Aggressive marketing techniques and the popularization of “gifting” recreational ancestry tests has led more consumers than ever to the world of personal genetic testing. Yet, the recent arrest of the Golden State Killer suspect has heightened concerns about privacy and...
The first gene therapy treatment in the United States was approved recently by the Food and Drug Administration, heralding a new era in medicine that is coming faster than most realize — and that perhaps few can afford.
The treatment, Kymriah, made by Novartis, is spectacularly effective against a rare form of leukemia, bringing remissions when all conventional options have failed. It will cost $475,000.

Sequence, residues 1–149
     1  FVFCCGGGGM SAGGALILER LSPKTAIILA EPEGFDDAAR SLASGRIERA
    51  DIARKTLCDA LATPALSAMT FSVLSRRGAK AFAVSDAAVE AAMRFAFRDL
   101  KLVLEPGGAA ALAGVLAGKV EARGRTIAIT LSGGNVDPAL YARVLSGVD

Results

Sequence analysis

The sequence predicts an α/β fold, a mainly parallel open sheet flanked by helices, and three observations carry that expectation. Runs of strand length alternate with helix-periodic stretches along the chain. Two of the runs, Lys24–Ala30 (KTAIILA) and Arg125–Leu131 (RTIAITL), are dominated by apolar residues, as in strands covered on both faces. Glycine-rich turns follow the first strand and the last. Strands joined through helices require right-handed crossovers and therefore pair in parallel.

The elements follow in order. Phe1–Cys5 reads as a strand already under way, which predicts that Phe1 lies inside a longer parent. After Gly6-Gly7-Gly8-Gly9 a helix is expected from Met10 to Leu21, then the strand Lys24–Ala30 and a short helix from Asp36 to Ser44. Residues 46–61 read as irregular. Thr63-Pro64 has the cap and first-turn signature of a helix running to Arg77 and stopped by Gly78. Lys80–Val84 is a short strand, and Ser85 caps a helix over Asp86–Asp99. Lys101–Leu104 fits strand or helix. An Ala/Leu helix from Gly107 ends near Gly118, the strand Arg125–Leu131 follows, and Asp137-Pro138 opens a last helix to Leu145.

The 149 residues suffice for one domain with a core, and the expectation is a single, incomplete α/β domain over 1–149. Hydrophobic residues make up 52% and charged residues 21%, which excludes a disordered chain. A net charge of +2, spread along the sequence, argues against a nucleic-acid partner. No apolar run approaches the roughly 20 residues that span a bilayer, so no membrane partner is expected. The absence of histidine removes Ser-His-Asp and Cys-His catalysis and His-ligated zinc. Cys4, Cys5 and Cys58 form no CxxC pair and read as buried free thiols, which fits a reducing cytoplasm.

With gene therapy, scientists seek to treat or prevent disease by modifying cellular DNA. Many such treatments are in the wings: There are 34 in the final stages of testing necessary for F.D.A. approval, and another 470 in initial clinical trials, according to the Alliance for Regenerative Medicine, an advocacy group.
The therapies are aimed at extremely rare diseases with few patients; most are meant to cure with a single injection or procedure. But the costs, like that of Kymriah, are expected to be astronomical, alarming medical researchers and economists.
One drug, to prevent blindness in those with a rare genetic disease, for example, is expected to cost between $700,000 and $900,000 per...